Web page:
We can always count on plenty of resident White-breasted Nuthatches, Black Capped Chickadees, Mallards and Northern Cardinals, I expect that most of them will stay somewhere around here for the winter. Nearly everything else was on the move, either heading south with some sense of urgency or hanging around long enough to fatten up until forced out by the first hard frosts. There were dozens of Blue Jays passing overhead, screaming as they went. (I noted sixty-three but if any-one had told me I was mistaken and the real count was a hundred and sixty-three, I wouldn’t argue.)

Osprey at breakfast

Osprey at breakfast

A wheeling Osprey landed close by and ripped a few shreds from a captive fish before leaving to find a more private place to eat. Flocks of young Cedar Waxwings hung around tree-tops everywhere, we found a House Wren skulking deep in a grape tangle and heard but didn’t see two Carolina Wrens. Our list grew to thirty-eight species and towards the end of our walk there was a cascade of notables: A couple of cautious-looking Brown Thrashers skulking deep in the undergrowth trying to avoid being seen; a pair of Cooper’s Hawks glimpsed skimming overhead and a young Yellow-bellied Sapsucker among them. As the sun warmed the air and lit up the tree-tops we found quite a few migrant warblers; American Redstart, Nashville Warbler, and a Common Yellowthroat. A bright yellow Wilson’s Warbler and a Northern Parula gave short bursts of colour to remind us of the good old days of spring. (Three photos below are visible only on the website, not if you’re reading this as an email.)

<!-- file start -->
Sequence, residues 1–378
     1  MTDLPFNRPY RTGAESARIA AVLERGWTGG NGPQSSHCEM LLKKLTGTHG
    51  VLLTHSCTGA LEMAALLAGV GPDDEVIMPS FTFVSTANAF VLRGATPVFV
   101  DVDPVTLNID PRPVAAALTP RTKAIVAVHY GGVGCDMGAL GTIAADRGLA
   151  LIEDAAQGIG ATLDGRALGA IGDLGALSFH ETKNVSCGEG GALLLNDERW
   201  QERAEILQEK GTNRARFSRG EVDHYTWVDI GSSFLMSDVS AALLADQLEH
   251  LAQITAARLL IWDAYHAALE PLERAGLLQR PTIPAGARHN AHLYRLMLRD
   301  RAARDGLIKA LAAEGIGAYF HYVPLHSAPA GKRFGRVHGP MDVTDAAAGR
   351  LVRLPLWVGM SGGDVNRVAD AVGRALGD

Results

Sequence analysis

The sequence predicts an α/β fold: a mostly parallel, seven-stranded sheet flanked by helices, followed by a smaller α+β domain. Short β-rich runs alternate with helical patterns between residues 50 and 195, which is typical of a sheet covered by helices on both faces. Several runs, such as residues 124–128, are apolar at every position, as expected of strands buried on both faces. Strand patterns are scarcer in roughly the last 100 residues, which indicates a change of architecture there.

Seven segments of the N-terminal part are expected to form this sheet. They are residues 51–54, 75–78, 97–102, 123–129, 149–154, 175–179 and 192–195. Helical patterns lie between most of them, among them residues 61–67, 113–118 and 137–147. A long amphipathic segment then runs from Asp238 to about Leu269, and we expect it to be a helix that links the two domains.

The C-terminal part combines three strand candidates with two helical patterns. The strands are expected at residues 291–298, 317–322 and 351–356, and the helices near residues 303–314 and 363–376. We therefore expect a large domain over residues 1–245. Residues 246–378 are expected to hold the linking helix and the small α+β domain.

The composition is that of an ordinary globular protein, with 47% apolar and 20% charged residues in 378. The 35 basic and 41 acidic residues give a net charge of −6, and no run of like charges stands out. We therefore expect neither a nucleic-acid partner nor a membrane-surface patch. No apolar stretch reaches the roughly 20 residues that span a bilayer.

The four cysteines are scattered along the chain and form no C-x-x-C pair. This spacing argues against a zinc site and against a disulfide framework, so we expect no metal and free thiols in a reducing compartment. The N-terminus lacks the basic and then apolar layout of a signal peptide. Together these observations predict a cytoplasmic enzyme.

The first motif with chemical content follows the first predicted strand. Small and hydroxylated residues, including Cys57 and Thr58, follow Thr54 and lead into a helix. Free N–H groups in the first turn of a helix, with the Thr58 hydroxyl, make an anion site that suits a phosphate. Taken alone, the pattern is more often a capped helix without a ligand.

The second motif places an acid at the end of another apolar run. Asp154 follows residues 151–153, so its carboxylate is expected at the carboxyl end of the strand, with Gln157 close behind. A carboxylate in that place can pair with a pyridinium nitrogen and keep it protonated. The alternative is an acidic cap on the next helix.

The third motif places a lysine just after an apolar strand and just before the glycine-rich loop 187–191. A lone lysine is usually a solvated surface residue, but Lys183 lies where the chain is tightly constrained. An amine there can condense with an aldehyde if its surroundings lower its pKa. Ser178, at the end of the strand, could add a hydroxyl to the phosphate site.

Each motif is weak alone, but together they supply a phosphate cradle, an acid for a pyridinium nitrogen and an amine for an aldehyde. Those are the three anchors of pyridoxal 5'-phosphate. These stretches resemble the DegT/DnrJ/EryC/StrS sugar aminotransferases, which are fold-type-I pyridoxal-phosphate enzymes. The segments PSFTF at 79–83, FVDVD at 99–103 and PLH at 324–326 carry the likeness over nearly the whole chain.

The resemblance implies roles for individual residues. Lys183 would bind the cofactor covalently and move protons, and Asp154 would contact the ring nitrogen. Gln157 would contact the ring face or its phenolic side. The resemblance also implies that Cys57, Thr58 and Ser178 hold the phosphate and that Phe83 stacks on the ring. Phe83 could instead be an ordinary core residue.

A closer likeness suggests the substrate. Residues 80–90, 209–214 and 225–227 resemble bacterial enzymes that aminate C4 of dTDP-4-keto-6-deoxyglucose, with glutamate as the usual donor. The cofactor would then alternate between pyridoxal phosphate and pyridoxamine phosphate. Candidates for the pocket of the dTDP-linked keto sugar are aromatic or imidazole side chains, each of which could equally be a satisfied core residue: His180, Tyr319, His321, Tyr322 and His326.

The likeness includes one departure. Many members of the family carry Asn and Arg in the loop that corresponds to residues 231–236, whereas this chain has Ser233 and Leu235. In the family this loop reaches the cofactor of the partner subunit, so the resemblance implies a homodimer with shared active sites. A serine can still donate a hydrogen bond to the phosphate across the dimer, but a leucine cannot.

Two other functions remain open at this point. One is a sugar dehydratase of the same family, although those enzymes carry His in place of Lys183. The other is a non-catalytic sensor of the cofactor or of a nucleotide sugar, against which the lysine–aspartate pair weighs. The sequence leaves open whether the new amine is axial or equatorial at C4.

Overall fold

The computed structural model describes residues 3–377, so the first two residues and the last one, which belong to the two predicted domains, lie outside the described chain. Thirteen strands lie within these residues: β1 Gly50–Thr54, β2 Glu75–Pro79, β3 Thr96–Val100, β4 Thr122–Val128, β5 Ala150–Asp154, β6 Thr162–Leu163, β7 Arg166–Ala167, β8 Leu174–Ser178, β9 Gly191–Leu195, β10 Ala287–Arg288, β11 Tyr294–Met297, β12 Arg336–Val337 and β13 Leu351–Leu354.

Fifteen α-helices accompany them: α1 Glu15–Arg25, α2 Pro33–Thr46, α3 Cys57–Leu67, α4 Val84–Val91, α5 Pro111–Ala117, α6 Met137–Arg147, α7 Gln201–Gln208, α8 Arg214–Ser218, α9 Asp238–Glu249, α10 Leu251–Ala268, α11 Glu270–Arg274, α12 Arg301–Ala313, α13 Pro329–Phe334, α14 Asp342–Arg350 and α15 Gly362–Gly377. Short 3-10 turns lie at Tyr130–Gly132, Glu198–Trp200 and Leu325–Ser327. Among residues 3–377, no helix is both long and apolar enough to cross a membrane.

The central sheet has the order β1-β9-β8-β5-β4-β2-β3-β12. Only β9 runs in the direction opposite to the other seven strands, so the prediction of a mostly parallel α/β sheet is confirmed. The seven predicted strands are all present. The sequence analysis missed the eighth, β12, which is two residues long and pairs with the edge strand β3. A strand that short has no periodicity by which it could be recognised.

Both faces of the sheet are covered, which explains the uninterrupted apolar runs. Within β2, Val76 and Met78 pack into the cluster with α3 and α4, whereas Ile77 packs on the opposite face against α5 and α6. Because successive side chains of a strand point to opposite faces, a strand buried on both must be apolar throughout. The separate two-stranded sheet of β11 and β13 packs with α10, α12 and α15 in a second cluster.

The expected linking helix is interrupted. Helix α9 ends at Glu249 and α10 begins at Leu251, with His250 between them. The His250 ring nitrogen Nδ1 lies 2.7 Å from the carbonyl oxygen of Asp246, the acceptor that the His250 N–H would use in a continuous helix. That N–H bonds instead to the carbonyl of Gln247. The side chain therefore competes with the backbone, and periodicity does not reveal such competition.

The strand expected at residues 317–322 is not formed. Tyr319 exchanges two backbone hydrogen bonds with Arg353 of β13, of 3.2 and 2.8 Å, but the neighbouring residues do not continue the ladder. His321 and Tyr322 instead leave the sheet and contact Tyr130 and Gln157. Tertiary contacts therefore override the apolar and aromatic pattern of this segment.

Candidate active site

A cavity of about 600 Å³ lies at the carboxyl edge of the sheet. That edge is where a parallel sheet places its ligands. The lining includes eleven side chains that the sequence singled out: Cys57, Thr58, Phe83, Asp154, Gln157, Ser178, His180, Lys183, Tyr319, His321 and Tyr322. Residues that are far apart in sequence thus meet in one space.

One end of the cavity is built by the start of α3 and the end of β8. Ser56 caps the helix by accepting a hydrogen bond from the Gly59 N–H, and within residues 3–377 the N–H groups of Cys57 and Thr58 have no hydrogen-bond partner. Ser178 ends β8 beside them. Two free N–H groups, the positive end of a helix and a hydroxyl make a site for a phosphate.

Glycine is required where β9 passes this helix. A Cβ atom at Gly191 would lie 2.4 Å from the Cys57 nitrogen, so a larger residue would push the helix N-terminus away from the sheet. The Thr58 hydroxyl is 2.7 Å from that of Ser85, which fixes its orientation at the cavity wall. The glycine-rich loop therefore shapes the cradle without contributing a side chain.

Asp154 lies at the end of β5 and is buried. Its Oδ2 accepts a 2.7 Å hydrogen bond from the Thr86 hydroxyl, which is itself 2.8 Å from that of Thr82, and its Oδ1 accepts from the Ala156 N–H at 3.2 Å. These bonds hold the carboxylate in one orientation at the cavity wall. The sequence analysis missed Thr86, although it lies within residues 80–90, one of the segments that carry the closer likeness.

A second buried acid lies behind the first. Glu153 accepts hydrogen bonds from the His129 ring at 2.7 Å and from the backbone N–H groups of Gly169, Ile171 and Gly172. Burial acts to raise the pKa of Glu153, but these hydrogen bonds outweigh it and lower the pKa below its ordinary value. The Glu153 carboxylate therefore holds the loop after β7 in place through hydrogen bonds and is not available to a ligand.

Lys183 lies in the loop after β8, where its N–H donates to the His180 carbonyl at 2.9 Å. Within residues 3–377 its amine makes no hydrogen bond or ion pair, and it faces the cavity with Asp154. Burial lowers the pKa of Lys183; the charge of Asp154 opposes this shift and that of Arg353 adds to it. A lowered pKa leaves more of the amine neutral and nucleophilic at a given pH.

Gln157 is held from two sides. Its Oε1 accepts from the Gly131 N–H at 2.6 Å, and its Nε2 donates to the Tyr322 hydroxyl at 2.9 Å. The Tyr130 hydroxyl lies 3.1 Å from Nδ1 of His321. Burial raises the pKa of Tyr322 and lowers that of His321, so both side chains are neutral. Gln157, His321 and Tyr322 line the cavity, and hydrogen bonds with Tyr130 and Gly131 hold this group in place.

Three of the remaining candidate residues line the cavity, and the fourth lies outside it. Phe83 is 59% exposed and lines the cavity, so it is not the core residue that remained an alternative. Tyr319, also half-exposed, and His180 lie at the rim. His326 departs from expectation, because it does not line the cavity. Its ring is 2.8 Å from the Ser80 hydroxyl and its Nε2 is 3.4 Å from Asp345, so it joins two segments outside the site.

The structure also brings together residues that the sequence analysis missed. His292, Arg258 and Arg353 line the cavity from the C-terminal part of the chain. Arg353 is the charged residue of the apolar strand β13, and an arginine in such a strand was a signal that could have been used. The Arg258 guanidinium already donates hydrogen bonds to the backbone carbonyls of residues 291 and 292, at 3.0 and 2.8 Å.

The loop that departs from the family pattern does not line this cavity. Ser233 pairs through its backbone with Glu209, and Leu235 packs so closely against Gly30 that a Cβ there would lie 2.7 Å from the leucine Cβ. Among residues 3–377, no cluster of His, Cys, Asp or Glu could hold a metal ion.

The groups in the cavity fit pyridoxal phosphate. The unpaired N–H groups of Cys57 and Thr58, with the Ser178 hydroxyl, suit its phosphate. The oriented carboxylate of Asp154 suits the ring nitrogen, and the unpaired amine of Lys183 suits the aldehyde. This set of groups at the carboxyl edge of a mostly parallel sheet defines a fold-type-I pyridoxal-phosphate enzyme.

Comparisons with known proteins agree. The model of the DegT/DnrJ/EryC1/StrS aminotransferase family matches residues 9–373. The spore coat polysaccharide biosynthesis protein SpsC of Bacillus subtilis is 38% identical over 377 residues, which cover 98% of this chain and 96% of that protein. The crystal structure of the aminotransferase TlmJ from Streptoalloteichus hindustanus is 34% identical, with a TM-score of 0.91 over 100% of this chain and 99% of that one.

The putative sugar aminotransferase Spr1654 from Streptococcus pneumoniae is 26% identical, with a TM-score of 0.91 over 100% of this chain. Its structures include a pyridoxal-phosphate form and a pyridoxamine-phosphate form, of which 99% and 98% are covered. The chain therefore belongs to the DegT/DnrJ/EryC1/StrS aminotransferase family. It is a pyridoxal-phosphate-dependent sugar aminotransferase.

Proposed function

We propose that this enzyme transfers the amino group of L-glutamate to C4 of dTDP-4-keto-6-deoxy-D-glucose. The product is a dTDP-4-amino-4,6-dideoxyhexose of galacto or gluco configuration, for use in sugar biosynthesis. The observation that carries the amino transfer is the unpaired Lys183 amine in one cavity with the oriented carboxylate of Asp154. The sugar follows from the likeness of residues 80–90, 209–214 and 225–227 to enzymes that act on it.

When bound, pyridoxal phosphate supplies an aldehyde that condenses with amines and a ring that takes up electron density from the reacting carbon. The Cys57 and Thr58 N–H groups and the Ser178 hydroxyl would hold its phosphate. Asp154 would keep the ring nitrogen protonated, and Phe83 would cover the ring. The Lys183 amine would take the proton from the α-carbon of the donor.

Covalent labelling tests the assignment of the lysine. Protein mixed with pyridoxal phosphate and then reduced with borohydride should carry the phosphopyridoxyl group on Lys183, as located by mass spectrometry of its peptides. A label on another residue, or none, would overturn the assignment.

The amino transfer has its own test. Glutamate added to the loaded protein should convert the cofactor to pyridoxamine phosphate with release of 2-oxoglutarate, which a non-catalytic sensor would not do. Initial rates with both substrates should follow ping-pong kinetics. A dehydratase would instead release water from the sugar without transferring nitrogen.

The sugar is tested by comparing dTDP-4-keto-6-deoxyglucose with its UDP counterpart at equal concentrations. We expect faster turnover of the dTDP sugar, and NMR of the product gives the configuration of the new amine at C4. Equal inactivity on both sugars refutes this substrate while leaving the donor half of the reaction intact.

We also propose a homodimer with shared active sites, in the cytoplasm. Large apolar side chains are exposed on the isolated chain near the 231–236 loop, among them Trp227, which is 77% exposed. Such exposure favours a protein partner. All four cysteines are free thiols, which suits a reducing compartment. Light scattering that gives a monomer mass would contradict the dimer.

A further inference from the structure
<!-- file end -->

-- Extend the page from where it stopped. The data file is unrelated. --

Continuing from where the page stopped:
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The best came last, a Blue-headed Vireo. Faithful followers will have read of my soft spot for vireos in general and a particular place in my heart for Yellow-throated and Blue-headed Vireos. On the ‘in general’ point, vireos have the sort of tenacious here-I-am-take-it-or-leave-it air about them that makes them rather like the sometimes-left-out kid in the class who goes on to great success despite the  conventional wisdom of others. They work the middle and upper levels of forests and woody margins, looking for insects, moving deliberately from branch to branch while singing a casual two or three phrase song that is discernibly similar among many of the vireo species.

Blue-headed vireo

Blue-headed vireo